The following photographs were taken at  HIRAN site #14  by the co-pilot Mr. David Glick and by Mr. Jim Sever who was stationed at #14 as a HIRAN Operator for 5 month and witnessed the crash.
I like to thank Mr. Glick and Mr. Sever for being able to use these very unique pictures.

HH-43B 59-1567 crashed on site #14, elevation 12,000 ft on 2 February 1965.

Captain David Glick  remembers the crash as follows :
" I was sitting in the copilot's seat. This was my very 1st day in country and the pilot was introducing me to the site.   Quite an introduction".
"We had picked up a replacement radio operator and were ferrying him and his equipment to the site. There was no sling load. As we approached the site, a cloud blew in and covered the site so we flew away and tried again when the cloud cleared. But again another cloud came in and blocked our view of the site. The pilot decided to fly in close to the mountain and, with the help of ground effect, hover up the mountain side, under the cloud, and into the site. We had started up the mountain side when a gust of wind blew away our ground effect and the helicopter settled with the blades striking the mountain in front of us. As there was a huge drop off to our side, the pilot immediated dumped the helicopter on its side to prevent our going over the drop off .
There was still sufficient control of the aircraft for the final maneuver of firmly planting it on its side ".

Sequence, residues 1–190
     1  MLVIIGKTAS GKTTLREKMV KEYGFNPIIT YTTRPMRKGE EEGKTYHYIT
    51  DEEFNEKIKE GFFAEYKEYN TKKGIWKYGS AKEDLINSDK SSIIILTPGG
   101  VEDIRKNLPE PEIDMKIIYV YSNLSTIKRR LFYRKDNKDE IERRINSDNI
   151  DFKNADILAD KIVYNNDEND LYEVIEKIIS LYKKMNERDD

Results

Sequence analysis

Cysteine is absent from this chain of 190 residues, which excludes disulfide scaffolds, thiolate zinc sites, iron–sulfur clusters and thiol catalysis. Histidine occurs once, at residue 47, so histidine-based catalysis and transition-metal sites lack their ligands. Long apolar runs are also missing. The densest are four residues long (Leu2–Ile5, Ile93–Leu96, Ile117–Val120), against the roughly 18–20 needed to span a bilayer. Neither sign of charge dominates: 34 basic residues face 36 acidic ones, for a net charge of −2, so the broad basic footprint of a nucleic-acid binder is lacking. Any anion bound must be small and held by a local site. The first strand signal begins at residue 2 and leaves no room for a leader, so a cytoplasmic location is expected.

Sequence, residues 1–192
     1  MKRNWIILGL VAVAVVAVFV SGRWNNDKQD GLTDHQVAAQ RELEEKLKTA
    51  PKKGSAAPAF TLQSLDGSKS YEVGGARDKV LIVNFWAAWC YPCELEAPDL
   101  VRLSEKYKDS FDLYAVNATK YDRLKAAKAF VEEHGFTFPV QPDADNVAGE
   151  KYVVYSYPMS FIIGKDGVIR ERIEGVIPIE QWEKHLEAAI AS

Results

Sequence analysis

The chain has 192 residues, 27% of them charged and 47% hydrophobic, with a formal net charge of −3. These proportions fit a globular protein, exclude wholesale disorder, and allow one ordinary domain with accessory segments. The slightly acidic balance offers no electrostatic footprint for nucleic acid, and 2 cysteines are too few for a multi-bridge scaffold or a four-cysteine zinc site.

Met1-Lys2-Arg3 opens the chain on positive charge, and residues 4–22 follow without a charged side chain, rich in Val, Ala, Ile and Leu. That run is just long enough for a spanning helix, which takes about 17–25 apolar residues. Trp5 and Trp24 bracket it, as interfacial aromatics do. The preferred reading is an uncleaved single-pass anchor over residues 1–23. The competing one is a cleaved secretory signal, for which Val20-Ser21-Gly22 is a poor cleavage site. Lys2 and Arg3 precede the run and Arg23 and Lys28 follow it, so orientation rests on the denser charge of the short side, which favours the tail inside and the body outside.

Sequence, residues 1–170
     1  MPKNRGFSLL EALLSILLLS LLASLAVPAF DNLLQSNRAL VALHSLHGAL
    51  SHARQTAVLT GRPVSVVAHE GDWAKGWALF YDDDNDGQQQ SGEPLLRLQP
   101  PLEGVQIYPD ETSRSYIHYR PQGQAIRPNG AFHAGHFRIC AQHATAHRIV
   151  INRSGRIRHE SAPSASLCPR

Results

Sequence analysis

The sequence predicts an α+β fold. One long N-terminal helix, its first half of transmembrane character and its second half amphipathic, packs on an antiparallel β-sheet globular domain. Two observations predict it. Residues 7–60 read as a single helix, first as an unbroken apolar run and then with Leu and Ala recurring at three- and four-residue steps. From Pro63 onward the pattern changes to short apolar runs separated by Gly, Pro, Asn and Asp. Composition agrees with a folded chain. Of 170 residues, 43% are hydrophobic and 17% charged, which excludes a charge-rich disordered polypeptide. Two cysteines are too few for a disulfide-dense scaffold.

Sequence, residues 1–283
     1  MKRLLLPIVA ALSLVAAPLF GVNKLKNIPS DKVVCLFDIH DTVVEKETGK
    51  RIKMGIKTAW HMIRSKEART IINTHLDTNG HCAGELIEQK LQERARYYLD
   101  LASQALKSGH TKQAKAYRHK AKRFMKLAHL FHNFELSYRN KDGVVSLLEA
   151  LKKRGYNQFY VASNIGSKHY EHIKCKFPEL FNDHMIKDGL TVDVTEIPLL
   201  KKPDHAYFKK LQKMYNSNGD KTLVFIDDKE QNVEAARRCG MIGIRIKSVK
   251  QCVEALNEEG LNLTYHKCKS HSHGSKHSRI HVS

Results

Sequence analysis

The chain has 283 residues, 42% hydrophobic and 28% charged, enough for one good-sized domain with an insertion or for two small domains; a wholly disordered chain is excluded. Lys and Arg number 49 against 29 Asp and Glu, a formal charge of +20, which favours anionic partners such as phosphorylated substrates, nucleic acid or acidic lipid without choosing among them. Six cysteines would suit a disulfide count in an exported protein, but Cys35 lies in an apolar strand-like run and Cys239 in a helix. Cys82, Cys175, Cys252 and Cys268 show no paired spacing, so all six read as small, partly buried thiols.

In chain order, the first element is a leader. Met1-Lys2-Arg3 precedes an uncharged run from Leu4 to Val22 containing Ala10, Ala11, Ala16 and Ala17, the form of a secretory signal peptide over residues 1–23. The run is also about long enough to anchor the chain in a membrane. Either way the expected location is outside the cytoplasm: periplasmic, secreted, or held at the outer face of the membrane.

"No one was injured and, as I recall, we removed the engine and transmission and took them off the mountain. The airframe was left and is still there as far as I know".

"....there really was no time for fear. I recall dissapointment that we lost a bird".

591567 HH43B EthiopiaCrash DaveGlick3

credit for these two pictures goes to Mr. David Glick 

591567 HH43B EthiopiaCrash DaveGlick2 

E 13

credit to these two pictures of  HIRAN site #14 goes to Mr. Jim Sever

E 14

This picture shows the call sign for  HIRAN  Site  #14  :  SD 84  
Mr. Sever stated : "We always added 70 to the site number to come up with our call sign. The "SD" is for Sheepdog, so the call sign would be "Sheepdog 84".

Further comment : "I was also on Site #2 and #4. I don't have any photos to help out on them. I spent two tours over there, 6 months each. Site 14 was the longest and did a job on me as it was so high in elevation and sure was lonely with only two of us. I can feel for the crews on the ISS (Space Station) for visitors."



update 02/04/2016